I found this sentence from my exercise book (Oxford Grammar):

I felt lazy, and because I didn't have any real work to do, I took the afternoon off.

The execise instructs me to guess whether it's correct or not. The key answer is correct, but I have a question. Why isn't this sentence written like this:

Because I felt lazy and I didn't have any real work to do, I took the afternoon off.

Which one is more grammatical? If there's none, please provide your version. The reason I think the first sentence above seems to be weird is because and and because are placed together consecutively. In my opinion, it has the structure:

《Main clause/stand-alone sentence》 + 《conjunction》 + 《complex sentence (subordinate + main clause)》.

Again, in my view, would it sound better if the structure is written like this:

《Subordinate clause》 + 《Main clause》

Where the subordinate clause in my version carries equal-weight clause.

  • 3
    Your version changes the meaning, though. The original says I left because I didn't have any real work to do. Yours says there are two reasons. It's a small difference in this case, but it is there.
    – stangdon
    Mar 17, 2022 at 3:03
  • You are making a fundmental error in your analysis. In modern grammar "because" is not a conjunction but a preposition. Try re-thinking it with that in mind.
    – BillJ
    Mar 17, 2022 at 7:09
  • @BillJ I don't know that. Sorry. Because the book itself says clearly because is a conjunction. Though, it says the book was revised in 2019 (the e-book version from Oxford bookshelf).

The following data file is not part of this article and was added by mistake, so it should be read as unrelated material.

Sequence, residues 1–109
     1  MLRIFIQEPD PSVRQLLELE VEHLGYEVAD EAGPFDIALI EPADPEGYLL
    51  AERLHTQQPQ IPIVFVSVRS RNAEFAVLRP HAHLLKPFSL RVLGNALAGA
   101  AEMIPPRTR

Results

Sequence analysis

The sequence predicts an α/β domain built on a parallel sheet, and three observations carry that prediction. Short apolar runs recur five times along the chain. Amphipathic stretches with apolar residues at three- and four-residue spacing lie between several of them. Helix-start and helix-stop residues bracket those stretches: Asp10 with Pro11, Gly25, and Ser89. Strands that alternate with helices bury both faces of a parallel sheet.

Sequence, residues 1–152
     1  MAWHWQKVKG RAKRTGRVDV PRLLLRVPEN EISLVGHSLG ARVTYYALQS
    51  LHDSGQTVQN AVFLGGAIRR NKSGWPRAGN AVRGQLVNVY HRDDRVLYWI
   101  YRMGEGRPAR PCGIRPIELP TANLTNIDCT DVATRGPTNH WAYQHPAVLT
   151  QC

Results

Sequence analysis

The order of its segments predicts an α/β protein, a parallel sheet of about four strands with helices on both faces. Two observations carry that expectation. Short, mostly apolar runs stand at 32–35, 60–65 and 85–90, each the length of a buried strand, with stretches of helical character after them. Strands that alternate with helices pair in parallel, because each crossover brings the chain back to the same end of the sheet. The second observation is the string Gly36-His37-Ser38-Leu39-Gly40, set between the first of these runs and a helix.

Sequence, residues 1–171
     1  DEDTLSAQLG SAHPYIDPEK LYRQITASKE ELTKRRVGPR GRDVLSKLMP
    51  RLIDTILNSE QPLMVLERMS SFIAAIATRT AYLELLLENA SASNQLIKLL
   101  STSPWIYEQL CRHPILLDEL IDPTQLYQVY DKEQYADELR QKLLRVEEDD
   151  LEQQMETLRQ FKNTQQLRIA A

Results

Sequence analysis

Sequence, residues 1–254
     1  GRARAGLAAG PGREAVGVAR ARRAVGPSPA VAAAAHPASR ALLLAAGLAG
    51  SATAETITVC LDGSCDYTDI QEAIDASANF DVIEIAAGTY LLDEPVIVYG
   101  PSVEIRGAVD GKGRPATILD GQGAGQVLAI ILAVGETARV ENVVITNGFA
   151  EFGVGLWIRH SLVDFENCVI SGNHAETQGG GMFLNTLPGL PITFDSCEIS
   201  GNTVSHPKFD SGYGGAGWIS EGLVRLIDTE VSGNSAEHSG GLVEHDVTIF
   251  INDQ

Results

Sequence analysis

– user516076
    Mar 18, 2022 at 10:48
  • Traditional grammar regards it as a conjunction, but modern grammar is correct. See here link and here link
    – BillJ
    Mar 18, 2022 at 11:07
  • @BillJ I learn something new today. Thanks for the link!
    – user516076
    Mar 18, 2022 at 11:08

1 Answer 1


I think you're analyzing a little harder than the exercise meant for you to. Commas often work in pairs to "set off" phrases, and you can often check grammaticality by deleting those phrases.

  • "I felt lazy I took the afternoon off" is not valid.
  • "I felt lazy and I took the afternoon off" is, so we should include the "and" in the first phrase, not use a comma to move it into the second phrase.
  • "I felt lazy and, because I didn't have any real work to do, I took the afternoon off." The previous sentence is still here; we've just added a bit more explaining information. The extra phrase, "because I didn't have any real work to do," could be deleted without invalidating the sentence, so it gets set off with commas.

Sure, one could rewrite this sentence with a different word order, but it sounds like that isn't the focus of the exercise. And stangdon is right; although in this case, logic does suggest that "I felt lazy" is another of the reasons to take time off, the structure doesn't always work that way.

It was noon and, because I didn't have any real work to do, I took the afternoon off.

In this case, the time being noon isn't one of the reasons I took time off.

But of course, you could rewrite all these sentences by moving the "because" clause to the end and you could use no commas at all (though you might want some optional ones for clarity).

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